We’ve hit mid-September and the freight train that is back-to-school season here in the US has tapped its brakes.  If your prospecting efforts are starting to produce lower returns, you might be wondering if this is a good time to prospect, or if you should spend your time on other activities.  Fair question.  B2E is a seasonal business in the sense that all school systems have a strongly defined buying cycle.  The highest tide, when educators are furiously hurrying to be ready for their students to start classes, has just ebbed.  Should you lie low so as to not wear out your good graces with prospects that are too busy to be bothered with a new product opportunity right now?

You can answer this question for yourself if you’re a student of Little League Baseball.  If you’ve sat through as many of these games as I have, you’ll know they are high scoring affairs.  Up until about junior high, kids’ fielding skills are so poor that batters have quite an advantage.  Easy pop-ups can get dropped.  The puttering grounder straight to the second baseman can get overthrown into the stands.  The odd “dropped third strike” rule occasionally results in a fast-thinking player getting on base.  When my sons were this age we constantly told them that because anything can happen you always have a chance, so run hard to first.  No. Matter. What.  When inevitably, they won a few of those “comedy of errors” footraces we’d say, “This is why we hustle.”  Those words became a mantra around our house, fitting an amazing number of life situations where extra effort changes the odds in your favor.    

I said it out loud to myself while sitting at my desk on the Friday before Labor Day.  I have a prospecting system that I’m very dedicated to, but I was thinking that I might be foolish to work my system that particular day, the Friday of the first week of school, the last day of a hectic “popsicle season” and one when everyone’s head would be more likely focused on their plans for the long weekend.  Even if someone would bother to read my email or listen to my voicemail, they’d set it aside until Tuesday at best and by then, it would be long forgotten.  Pointless to prospect, right?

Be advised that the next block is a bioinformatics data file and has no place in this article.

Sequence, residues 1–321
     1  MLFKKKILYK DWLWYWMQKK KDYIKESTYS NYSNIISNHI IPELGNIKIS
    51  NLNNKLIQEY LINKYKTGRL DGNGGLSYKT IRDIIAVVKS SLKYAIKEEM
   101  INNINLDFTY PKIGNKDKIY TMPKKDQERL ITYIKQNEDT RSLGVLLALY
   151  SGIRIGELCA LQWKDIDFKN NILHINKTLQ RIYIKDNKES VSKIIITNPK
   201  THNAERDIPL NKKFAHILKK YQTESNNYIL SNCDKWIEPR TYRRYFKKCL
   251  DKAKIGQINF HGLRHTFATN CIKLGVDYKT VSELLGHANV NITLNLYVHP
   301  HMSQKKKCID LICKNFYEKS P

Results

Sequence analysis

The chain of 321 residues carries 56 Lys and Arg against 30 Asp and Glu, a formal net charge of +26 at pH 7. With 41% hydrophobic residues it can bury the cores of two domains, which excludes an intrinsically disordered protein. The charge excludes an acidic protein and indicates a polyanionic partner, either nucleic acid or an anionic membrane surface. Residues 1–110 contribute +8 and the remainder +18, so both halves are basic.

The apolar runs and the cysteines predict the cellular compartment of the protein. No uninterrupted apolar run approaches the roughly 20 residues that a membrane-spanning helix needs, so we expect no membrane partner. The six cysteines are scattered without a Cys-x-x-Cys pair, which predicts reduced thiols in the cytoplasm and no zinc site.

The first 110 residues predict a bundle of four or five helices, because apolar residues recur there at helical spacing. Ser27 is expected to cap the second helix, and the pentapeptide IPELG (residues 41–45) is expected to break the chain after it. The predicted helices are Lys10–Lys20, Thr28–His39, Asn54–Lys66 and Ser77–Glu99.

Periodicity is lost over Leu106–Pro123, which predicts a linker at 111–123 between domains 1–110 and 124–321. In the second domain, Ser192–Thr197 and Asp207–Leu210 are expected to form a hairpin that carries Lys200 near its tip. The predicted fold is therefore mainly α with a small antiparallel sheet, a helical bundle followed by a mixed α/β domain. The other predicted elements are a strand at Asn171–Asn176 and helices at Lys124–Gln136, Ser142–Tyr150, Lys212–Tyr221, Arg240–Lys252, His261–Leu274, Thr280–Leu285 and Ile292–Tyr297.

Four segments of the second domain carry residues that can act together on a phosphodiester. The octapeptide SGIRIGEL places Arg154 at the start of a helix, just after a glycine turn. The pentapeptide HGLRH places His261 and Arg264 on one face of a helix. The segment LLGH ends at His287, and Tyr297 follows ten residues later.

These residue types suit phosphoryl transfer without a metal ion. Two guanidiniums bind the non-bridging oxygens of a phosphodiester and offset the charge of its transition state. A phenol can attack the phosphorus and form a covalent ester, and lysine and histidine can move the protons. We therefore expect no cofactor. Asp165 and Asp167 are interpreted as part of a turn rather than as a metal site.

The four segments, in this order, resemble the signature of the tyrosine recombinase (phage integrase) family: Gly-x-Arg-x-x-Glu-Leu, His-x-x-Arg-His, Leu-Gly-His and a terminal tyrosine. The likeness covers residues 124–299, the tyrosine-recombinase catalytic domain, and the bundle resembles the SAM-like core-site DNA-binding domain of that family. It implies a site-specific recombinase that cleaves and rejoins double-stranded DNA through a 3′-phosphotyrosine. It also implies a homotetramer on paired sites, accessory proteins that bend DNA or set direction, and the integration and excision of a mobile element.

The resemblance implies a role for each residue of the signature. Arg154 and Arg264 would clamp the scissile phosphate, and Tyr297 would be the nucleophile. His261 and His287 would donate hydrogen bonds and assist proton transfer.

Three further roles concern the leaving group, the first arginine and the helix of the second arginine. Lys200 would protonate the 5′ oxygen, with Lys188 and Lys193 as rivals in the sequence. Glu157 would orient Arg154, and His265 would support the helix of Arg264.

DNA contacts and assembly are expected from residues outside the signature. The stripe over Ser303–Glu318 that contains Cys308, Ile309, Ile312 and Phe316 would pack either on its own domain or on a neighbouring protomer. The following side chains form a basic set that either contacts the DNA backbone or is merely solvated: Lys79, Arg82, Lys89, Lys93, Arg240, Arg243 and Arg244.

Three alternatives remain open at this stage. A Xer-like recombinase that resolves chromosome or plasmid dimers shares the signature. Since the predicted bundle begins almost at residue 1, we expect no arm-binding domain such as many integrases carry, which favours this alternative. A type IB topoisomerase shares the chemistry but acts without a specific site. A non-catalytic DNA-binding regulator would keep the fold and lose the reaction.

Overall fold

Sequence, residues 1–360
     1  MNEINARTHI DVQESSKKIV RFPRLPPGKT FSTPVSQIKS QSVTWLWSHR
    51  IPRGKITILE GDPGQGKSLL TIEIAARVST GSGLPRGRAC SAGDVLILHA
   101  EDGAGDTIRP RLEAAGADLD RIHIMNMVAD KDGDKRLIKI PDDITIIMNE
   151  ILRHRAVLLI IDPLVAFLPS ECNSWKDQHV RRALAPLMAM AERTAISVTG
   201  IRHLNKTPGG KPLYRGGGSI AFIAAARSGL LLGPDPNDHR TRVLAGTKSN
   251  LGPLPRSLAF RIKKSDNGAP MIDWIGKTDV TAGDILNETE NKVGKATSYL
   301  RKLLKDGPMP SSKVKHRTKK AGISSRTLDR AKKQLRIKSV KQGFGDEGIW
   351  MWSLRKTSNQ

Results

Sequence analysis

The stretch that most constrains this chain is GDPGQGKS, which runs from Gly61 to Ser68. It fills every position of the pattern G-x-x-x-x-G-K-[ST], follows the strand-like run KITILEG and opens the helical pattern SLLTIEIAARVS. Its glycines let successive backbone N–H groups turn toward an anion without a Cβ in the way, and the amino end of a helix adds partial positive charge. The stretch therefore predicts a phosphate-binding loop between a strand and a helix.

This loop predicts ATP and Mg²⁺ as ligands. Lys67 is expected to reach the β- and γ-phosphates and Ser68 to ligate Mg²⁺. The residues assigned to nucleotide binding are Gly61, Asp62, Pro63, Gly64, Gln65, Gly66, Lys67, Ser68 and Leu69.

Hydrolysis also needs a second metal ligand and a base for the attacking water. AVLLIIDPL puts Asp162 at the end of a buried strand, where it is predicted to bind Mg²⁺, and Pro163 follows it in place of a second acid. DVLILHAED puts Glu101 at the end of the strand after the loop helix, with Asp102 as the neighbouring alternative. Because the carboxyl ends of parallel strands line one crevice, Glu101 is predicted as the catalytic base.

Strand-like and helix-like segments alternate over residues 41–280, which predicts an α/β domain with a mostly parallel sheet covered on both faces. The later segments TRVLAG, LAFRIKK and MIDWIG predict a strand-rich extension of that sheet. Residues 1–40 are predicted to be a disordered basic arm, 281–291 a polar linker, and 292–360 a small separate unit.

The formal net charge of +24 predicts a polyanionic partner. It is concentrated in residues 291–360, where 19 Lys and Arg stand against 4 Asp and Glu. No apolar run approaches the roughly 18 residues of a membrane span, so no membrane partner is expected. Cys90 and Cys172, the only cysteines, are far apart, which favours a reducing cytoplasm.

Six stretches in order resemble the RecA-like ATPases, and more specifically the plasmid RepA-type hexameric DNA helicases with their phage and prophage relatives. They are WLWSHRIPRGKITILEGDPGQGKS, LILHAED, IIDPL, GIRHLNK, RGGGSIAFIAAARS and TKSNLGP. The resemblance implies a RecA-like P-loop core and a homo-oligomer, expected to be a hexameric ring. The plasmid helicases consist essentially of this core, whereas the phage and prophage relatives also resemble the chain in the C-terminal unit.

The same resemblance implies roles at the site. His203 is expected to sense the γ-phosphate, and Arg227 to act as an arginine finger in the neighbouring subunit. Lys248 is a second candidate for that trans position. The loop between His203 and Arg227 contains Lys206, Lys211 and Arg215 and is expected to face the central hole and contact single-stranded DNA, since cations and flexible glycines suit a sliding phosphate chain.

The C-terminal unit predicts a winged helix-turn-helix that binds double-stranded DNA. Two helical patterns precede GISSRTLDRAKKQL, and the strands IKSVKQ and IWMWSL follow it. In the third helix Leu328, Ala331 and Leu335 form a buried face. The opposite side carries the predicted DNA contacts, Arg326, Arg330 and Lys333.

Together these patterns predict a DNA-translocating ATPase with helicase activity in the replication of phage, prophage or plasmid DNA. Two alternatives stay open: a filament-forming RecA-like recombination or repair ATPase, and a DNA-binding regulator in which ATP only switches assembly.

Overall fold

Despite believing my efforts were going to go to waste, I decided to move ahead with my normal outbound routine.  Dozens of contacts in I was thinking how futile the exercise was.  And then it happened.  I got a great call back.  It wasn’t a huge fish, but a school admin in a large district in an important area for me.  He had all kinds of time to talk and said it was so fortunate that I had emailed him that morning because he was prepping for a staff meeting Tuesday on this particular topic.  He got a web demo on the spot, pricing, and a trial code.  This is why we hustle. 

Was it a great day for prospecting?  No.  We definitely have our key buying seasons, and certain weeks and months are going to have a higher yield on prospecting than others.  But there are only so many “ideal days,” and only so many “ideal times” on ideal days.  You can choose to restrict your prospecting to these unicorn hours or you can decide to run hard to first all the time. If your sales goal is one that is going to take a little luck to achieve, remember as every coach says, you make your own luck when you hustle. 

The best time to prospect is “all” the time.

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